Anthropology No More

Article excerpt

A Review of Human No More: Digital Subjectivities, Unhuman Subjects, and the End of Anthropology. Edited by Neil Whitehead and Michael Wesch.

University of Colorado Press, Boulder. 2012 264 pp. $27.95 ISBN-13: 978-1607321897


IT HAS BEEN MORE THAN A DECADE since anthropology endured its worst-ever humiliation following the publication of Patrick Tierney's Darkness in Eldorado, which brought infamy to anthropology with its accusation that the iconic American anthropologist Napoleon Chagnon had committed genocide in Amazonia. Tierney, along with collaborators Terence Turner and Leslie Sponsel, falsely claimed that Chagnon had unleashed a deadly epidemic among the Yanomamo by administering a contraindicated measles vaccine as part of some sinister experiment in eugenics. That was just the most outrageous of Tierney's innumerable fabrications, which inexplicably slipped past the fact-checkers at W. W. Norton and New Yorker magazine. Over a year ago, medical historian Alice Dreger published what may be the final word on the Darkness scandal, and the news was not good. Dreger argues persuasively that anthropology's premier North American professional organization, the American Anthropological Association (AAA), had been complicit in the promulgation of Tierney's calumnies. (See Mice Dreger, "Darkness's Descent on the American Anthropological Association; A Cautionary Tale." Human Nature 22 (2011): 225-246.)

Since then, as the editors of Human No More acknowledge, anthropology has been trying to reboot and move into terrain free of the ethical quicksand that comes with ethnography in the old school style of Bronishw Malinowski. The discipline is now at "a critical juncture" writes lead editor Whitehead, and failing to address its problems "has led others to question anthropology's purpose" (220). Whitehead and co-editor Wesch propose to "stake out new anthropological fields and take us beyond the human" (219) by studying the "discursive panorama" of the unhuman, the subhuman, the nonhuman, and other marginalized or digitized beings (6). Part of this hazy objective is to establish an agenda that recognizes humans as "part of much larger systems that include relationships with animals, insects, microorganisms, spirits, and people who are not always considered human by others" (9). This is the End of Anthropology, as the book's subtitle says; a double-entendre hinting at either anthropology's grand new objective, or its coming demise. Unfortunately, it is not clear from Human No More which is the more likely outcome.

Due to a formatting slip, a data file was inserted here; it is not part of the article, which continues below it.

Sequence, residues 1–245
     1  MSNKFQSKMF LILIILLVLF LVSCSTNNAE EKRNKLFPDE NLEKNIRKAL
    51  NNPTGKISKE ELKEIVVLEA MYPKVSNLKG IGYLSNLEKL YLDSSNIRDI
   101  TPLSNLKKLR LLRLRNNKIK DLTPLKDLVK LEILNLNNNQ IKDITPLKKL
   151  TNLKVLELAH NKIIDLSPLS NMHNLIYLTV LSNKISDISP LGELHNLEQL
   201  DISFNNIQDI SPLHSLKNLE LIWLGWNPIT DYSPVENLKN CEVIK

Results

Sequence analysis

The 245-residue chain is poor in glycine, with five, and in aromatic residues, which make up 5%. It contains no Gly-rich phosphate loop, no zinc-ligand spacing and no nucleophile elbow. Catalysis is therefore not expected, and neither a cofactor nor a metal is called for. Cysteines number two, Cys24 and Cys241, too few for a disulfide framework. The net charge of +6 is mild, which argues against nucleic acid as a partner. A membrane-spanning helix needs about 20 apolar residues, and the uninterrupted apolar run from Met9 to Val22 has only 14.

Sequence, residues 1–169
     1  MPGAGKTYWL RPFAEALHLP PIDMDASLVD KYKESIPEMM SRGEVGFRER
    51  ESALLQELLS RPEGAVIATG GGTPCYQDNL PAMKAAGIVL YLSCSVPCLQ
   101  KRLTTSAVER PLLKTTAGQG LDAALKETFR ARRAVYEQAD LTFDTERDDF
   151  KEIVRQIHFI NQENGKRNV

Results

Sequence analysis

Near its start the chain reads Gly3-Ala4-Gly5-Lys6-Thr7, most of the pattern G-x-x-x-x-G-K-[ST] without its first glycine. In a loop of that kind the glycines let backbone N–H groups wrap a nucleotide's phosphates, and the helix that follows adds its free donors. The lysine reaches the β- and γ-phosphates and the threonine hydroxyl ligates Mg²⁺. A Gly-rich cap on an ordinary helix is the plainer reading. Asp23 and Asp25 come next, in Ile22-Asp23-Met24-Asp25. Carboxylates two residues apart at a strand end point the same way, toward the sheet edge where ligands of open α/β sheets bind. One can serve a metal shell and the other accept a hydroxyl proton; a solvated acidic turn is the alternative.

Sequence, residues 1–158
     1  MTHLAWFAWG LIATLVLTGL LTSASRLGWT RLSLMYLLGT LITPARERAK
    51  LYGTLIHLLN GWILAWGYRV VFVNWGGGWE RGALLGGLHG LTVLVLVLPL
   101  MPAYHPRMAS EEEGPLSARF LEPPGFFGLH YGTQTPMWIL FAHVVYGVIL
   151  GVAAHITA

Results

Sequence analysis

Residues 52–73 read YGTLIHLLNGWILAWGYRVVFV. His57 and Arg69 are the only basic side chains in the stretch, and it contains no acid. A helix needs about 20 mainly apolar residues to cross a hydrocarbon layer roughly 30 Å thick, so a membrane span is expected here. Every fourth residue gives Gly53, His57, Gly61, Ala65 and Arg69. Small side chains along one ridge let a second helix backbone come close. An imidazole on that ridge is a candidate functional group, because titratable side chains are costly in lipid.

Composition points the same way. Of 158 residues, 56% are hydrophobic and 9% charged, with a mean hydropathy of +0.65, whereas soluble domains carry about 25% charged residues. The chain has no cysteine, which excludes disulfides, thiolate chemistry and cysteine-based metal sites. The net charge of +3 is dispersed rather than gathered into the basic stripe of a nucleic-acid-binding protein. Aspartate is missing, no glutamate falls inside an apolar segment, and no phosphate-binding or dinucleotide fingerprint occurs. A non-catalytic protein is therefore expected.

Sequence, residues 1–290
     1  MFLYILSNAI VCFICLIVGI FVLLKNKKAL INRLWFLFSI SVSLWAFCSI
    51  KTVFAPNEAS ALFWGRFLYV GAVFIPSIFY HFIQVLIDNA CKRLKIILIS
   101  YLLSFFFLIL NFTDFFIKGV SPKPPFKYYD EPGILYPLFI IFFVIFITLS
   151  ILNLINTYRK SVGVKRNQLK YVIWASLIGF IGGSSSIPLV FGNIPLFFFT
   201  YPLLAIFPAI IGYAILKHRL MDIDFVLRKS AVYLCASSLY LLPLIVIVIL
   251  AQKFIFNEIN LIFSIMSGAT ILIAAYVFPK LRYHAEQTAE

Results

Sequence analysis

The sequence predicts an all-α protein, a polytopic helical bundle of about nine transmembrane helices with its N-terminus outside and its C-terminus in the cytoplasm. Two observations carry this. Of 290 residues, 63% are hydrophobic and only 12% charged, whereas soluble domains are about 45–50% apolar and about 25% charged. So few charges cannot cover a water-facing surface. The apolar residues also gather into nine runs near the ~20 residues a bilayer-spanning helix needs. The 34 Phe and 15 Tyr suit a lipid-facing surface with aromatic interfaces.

There is much to recommend this book. In Chapter 8 "Technology, Representation and the E-thropologist" Stephanie Aleman skillfully analyzes the "collision" between modern technology and traditional culture among the Waiwai of Guyana and Brazil. She reminds us that, on the one hand, exotic technologies often co-opt pre-industrial cultures long-term. On the other hand, to purposefully withhold from those cultures things like computers, shotguns, and yes, measles vaccines, is to consign them to the status of performers who, to their own detriment, fulfill some perverse fantasy of the well-to-do. "[W]e may not consider that they may actually want to be like us," Alemam writes (149). James Hoesterey gives another example of this persistent shame in Chapter 9, "The Adventures of Mark and Oily," where he explains how the producers of the Travel Channel's Living with the Mek invented a caricature of Papuan cultures in order to slake their viewers' thirst for the bravado of "extreme tourists" confronting the "untouched savage" (162). In a somewhat similar vein, Kent Wisniewski's chapter "Invisible Cabaclos and the Vagabond Ethnographers" reflects on the tensions between ethnographer and the voices of informants, and how anthropologists often "agonize over how to represent those voices to others" (179). He comes to accept his informants as collaborators. His chapter is a sincerely introspective work that should serve as a model for ethnographers. …